Many older dogs develop arthritis, and just like us, if they do have the condition, they endure joint stiffness, pain and discomfort. So how do we spot arthritis and what can we do to help our canine friends?
What is arthritis and what are the symptoms?
As our dogs age, it is quite common for the cartilage in their joints to deteriorate and as the cartilage cells die, they release enzymes that cause inflammation in the joint, increasing friction and causing pain and stiffness. Eventually it can cause bony growths and deterioration in the bones of the joint.
The joint stiffness is painful, so a dog might lick painful joints, find it difficult to jump or move quickly, and become lame and inactive. This inactivity can lead to muscle wasting and more problems with movement. Jumping up onto a favourite chair or into the car can become problematic, and if it’s an effort for your dog to get up to go out for a wee, and he loses interest in his walks, he could be in pain and you should take him to your vet for a check-up.
Young dogs can develop arthritis due to genetic joint abnormalities, which are sometimes seen in pure breed dogs. It can also occur following ligament injury or trauma to a joint, so if you spot any of these symptoms in your younger dog, get them checked by a vet too.
It is important that your vet gives you a confirmed diagnosis as there are several other conditions that could result in similar symptoms. The vet will want to examine your dog, manipulate their joints and may order x rays and other tests to confirm the diagnosis and rule out other possible conditions.
What are the treatment options?
Your vet will discuss a treatment plan with you and it is important to only treat your dog with the drugs your vet prescribes. Never be tempted to buy drugs online or over the counter without your vet’s prescription.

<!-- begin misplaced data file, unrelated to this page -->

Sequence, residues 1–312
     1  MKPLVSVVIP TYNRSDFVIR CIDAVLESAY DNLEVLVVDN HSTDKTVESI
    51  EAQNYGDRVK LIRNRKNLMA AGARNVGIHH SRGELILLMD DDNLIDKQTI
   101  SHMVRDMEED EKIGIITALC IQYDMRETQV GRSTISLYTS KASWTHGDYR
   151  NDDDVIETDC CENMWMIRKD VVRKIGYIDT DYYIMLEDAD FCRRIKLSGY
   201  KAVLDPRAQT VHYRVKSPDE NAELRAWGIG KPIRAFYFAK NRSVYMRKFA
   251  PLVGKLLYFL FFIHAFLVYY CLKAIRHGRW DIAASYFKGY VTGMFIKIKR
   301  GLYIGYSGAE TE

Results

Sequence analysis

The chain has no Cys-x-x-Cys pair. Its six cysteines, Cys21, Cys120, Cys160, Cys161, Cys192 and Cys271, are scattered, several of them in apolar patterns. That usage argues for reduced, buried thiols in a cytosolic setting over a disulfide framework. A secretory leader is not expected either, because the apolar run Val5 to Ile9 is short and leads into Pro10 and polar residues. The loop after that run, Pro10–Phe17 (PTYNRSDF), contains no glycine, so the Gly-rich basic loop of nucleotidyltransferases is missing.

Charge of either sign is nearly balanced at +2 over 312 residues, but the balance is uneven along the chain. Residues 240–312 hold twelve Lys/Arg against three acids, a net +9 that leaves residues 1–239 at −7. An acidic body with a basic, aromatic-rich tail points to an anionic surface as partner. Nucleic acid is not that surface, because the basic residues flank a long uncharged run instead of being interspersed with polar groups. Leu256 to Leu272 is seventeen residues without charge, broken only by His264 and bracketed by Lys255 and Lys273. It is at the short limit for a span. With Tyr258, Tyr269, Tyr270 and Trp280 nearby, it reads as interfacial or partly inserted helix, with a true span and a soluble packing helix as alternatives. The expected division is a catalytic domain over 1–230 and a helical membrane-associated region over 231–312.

Canine anti-inflammatory drugs (NSAID’s) can work well but can have serious side effects in some cases. Your vet should talk to you about the possible side effects to watch out for, and they may check your dog has normal liver and kidney function before prescribing them.
There are other, more expensive but effective drugs called PSGAG’s which can aid cartilage repair. The treatment usually involves an initial treatment plan and then regular boosters.
They may also recommend dietary supplements such as Glucosamine and Chondroitin or omega 3 fatty acids which have anti-inflammatory properties and may help.
Having comprehensive pet insurance can help cover the cost of diagnosis and ongoing treatments. However, it is important to make sure you understand what your policy covers and what it doesn’t cover, and if there are any age restrictions. Buying the best cover you can afford can help you to give your dog the care they deserve without having to make any difficult decisions about the cost.
Tips on what to do at home to make an arthritic dog more comfortable
There are some simple changes that can be made at home to ease your dog’s discomfort, too. Here are our suggestions:
- Provide a comfortable bed in a warm spot. Damp and cold can increase the joint pain so make sure they have a warm bed out of draughts.
- Secure rugs on hard floors and provide ramps to get into the car. Skidding on loose rugs on hard floors can hurt their joints so making sure rugs are secured is a good idea. Climbing into the car can become painful but you can buy ramps to help them climb into the car or up steps more easily.
- Maintain exercise and keep their weight down. Exercise is important to keep their joints moving and prevent muscle wasting so continue their walks, but let them move at their own pace and for as long as is comfortable for them. Shorter, more frequent walks might work better than longer, less frequent outings. You could also try to exercise them on softer surfaces by taking them to a park rather than walking them on pavements. It’s also important to minimise the load on their joints so make sure you are feeding them a high quality diet and you keep them at an ideal weight.
- Consider alternative therapies. Acupuncture works well for animals as well as humans so consider finding a canine acupuncture practitioner. Your vet should be able to recommend someone or you can find a vet practitioner on the Association of British Veterinary Acupuncturists website. Swimming is also a great form of exercise that doesn’t put strain on the joints so if your vet agrees it is appropriate, find your nearest Canine Hydrotherapy Centre. Some Pet Insurance policies coves alternative therapies so check with your insurer to see if they would help with the costs.
By working with our vets and pet insurance company we can do quite a bit to make our dog’s more comfortable and able to enjoy their life despite their arthritis.